For example, seemingly any time Elon Musk tweets about crypto, the market shifts. A cute picture of Musk’s Shiba Inu dog can be enough to inspire FOMO purchasing behavior for the Shiba Inu coin. The Fear and Greed index responds accordingly, ranking higher or lower depending on the sentiment.
More quantifiable information and additional factors also go into this ranking, including:
Investors would be remiss not to factor volatility into their considerations. That’s why they use Fear and Greed index historical data to shape a better picture of volatility.
The index uses drawdowns, or declines in value, to compare rates of change. Comparisons are made on 30- and 90-day averages. From here, max drawdowns inform the volatility rate, which influences a full quarter of the overall index score. With higher volatility, the Fear and Greed index goes down. With lower volatility, it rises.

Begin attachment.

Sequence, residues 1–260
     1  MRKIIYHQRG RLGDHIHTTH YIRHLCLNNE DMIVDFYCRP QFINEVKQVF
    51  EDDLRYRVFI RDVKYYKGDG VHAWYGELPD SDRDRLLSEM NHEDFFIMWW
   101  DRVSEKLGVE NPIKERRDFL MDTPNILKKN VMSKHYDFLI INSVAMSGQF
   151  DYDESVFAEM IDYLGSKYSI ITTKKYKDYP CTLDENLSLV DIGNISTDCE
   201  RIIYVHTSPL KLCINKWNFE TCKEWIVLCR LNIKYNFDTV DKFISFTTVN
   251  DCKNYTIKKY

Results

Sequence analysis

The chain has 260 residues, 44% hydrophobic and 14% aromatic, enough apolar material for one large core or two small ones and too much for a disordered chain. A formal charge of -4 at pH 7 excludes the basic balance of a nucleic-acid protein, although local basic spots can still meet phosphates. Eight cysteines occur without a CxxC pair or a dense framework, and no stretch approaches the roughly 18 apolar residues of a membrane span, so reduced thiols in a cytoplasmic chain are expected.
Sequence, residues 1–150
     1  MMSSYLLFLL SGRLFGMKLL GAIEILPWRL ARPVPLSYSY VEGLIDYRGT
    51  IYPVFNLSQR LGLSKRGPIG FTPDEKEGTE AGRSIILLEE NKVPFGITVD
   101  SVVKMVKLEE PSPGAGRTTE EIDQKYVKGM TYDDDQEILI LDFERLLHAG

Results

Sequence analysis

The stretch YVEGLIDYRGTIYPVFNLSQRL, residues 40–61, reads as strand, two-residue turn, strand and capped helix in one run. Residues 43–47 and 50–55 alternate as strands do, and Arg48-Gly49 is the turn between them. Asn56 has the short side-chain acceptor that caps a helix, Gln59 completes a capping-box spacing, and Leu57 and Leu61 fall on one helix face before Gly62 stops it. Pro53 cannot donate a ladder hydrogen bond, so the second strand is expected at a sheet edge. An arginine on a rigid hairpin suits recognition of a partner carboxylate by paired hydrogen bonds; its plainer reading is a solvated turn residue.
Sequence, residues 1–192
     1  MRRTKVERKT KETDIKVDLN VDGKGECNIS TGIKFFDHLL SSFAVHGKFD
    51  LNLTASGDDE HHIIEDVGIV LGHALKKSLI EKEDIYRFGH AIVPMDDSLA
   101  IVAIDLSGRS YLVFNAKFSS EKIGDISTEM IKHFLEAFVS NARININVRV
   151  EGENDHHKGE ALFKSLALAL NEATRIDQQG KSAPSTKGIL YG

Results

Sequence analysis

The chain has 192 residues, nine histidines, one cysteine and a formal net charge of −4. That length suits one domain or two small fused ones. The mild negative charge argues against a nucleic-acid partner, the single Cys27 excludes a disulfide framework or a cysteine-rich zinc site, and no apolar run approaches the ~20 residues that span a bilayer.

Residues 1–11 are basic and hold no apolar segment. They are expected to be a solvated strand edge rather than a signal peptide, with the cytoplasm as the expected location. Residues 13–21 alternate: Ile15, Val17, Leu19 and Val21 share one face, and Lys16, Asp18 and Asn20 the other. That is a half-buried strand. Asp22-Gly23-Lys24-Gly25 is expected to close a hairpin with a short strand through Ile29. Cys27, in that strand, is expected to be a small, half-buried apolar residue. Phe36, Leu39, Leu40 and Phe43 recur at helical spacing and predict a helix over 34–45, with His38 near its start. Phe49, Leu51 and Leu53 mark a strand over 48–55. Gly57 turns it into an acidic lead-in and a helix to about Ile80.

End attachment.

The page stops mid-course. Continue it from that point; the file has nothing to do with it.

Market momentum is a metric based on the trajectory and size of the market itself, which can vary depending on the coins being ranked.
Momentum tracks the performance of the market against averages, once again in 30- and 90-day timeframes. If the momentum of the market is upward, the Fear and Greed index will also climb, and vice versa. This measurement makes up another 25% of the overall ranking.
Social Media and Surveys
Social media mentions for cryptocurrencies play into index rankings based on historical data. Surveys supplement this data with more quantifiable information from thousands of respondents. The index then crunches this data into a numerical result that influences 30% of the overall Fear and Greed score. Higher public confidence (or courage) in crypto leads to a higher ranking. Less faith equates to a lower score.
Dominance and Trends
Lastly, the crypto Fear and Greed index is determined by the dominance of the coin in question in relation to market trends. Bitcoin, for instance, has long been a dominant cryptocurrency. This helps its confidence on the Fear and Greed scale. However, alternative coins, search engine activity, and audience interest all influence dominance and trends metrics to create a bigger picture of crypto sentiment.